Lacing is more than just an abstract concept. In fact, it is the key final ingredient needed to make the graph function properly. Use lacing to change the way your inputs match up to one another and get a final result that matches your needs and expectati
- [Narrator] In this video, we're going to…finish up our graph and finally get…the result we're looking for which…is a series of trees along each of the curve paths.…So the final missing piece that we have here,…the final tweaks we need to make to this graph,…involves the lacing that we talked about…in the previous video.…So if you didn't watch the previous video,…I encourage you to do that now…just so you can have a little bit of an overview…of how lacing works.…I've got the graph set to automatic…so it's already run and you may recall that…we're getting just a single tree on the first curve…and that's probably not the result we were after…so I'm going to zoom in here on the middle part…of the graph and let's start with…the curve dot point at parameter.…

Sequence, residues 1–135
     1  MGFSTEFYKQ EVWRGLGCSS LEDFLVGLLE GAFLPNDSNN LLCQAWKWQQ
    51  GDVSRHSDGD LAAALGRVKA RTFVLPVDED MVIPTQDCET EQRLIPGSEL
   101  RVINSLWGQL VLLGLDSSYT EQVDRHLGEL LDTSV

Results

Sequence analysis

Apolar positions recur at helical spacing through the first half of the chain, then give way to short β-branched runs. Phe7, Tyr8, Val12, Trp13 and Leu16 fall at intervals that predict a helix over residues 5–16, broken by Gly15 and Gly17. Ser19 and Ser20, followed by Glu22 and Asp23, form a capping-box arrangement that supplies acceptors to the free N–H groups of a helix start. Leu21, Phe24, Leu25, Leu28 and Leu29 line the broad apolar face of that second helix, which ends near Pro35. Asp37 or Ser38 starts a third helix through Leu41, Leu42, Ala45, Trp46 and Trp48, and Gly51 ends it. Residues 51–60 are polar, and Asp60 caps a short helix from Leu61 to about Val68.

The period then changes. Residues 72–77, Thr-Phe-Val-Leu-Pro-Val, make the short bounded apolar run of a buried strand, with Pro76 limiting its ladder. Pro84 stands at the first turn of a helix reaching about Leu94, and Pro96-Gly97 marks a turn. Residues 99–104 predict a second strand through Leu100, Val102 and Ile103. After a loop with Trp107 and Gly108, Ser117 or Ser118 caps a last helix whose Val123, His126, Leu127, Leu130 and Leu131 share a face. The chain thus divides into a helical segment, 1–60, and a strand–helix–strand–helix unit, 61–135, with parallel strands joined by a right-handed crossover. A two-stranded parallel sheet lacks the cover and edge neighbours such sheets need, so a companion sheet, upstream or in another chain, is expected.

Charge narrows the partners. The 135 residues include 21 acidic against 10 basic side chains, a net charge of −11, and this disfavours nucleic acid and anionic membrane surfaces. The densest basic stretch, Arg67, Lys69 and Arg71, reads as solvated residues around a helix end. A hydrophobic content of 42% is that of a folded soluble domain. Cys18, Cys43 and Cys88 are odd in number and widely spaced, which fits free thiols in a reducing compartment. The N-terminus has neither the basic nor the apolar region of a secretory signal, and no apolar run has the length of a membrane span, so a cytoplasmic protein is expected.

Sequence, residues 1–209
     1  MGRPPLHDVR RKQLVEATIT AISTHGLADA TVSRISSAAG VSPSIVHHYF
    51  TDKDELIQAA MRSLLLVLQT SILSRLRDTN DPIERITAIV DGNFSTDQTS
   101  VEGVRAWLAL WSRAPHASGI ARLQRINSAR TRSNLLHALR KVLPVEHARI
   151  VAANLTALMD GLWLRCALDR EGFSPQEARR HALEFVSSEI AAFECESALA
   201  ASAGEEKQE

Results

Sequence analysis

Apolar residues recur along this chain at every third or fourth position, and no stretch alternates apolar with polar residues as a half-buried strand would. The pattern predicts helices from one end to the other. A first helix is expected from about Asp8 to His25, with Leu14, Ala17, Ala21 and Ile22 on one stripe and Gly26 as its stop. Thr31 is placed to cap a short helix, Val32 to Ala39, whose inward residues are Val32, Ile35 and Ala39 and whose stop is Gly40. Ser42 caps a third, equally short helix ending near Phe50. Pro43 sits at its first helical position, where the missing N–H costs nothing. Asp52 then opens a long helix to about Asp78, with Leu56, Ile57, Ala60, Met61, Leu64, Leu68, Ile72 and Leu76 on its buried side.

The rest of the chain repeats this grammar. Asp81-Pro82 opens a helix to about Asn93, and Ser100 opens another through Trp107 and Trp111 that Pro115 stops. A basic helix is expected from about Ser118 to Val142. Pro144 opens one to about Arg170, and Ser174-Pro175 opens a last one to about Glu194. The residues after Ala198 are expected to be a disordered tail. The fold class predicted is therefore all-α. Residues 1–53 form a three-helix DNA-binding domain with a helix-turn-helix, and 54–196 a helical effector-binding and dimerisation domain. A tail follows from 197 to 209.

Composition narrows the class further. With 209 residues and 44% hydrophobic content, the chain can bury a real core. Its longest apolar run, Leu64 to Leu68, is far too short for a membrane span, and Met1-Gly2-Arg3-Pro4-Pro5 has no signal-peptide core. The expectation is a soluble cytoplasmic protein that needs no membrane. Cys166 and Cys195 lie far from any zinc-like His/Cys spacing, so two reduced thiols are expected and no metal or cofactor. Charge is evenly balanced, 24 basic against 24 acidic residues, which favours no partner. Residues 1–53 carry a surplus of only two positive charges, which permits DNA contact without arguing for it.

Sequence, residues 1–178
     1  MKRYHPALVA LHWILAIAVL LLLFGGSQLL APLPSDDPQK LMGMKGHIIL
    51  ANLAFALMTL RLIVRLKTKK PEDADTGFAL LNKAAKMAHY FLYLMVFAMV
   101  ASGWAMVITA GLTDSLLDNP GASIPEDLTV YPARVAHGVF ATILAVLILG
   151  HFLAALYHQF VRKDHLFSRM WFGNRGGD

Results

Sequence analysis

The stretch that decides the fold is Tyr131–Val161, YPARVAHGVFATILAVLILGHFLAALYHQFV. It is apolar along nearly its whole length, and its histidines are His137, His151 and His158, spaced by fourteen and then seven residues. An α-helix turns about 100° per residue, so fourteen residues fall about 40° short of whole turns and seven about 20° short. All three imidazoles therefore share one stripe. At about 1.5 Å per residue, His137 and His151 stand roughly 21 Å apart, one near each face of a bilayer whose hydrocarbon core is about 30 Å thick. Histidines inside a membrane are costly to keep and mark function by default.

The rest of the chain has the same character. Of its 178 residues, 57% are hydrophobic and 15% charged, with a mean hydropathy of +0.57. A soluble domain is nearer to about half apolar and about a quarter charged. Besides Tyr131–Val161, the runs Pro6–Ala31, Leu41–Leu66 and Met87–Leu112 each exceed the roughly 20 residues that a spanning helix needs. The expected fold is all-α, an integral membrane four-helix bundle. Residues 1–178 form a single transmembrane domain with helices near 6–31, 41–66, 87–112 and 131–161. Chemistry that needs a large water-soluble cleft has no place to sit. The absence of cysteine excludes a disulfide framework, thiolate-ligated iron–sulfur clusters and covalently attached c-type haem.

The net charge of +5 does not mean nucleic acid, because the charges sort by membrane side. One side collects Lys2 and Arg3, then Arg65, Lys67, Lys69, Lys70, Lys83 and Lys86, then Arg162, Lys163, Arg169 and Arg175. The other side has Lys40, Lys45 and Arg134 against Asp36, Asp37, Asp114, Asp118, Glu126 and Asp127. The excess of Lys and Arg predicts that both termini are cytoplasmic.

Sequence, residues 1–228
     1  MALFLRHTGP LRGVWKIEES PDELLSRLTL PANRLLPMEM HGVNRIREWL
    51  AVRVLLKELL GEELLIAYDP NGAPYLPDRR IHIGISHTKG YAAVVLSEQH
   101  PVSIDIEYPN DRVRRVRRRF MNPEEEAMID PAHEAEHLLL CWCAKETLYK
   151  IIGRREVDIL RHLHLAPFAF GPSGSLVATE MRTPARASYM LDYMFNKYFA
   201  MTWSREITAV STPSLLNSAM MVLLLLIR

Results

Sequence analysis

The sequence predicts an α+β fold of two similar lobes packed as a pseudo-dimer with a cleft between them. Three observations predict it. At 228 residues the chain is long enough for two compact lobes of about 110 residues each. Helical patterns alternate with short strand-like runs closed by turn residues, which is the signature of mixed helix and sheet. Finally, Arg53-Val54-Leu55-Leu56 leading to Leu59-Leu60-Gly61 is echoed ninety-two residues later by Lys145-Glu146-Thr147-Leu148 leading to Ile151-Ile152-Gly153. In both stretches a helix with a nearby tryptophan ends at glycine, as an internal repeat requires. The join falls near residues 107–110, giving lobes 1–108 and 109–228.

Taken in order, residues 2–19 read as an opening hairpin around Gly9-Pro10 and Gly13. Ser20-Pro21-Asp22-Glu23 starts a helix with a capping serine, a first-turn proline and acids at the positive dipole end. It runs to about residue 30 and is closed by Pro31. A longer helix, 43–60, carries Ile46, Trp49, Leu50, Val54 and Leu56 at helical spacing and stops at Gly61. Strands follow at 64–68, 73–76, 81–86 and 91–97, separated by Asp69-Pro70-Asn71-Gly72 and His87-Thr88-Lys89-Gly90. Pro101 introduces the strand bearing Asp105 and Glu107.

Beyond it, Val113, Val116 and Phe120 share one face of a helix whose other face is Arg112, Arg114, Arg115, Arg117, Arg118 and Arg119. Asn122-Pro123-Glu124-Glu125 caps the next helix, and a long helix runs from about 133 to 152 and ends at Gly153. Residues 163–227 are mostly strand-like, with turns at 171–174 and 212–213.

If we look at the output coming out of that node,…we're getting a list that contains a single point.…So that's the output that we're getting here…and it's a simple at L2 at L1 list with one item…coming out and therefore we're getting one tree.…So question is why?…
AuthorPaul F. Aubin
- Placing a single Revit Family
- Selecting elements with basic selection nodes
- Lists and lacing
- Renaming multiple project views
- Adaptive component requirements
- Selecting elements by family type
- Joining multiple lists into a single list
- Removing the unwanted points
- Reorganizing points
Skill Level Intermediate
1. Placing Component Families along a Path
2. Renaming Multiple Project Views
3. Placing Adaptive Component Families
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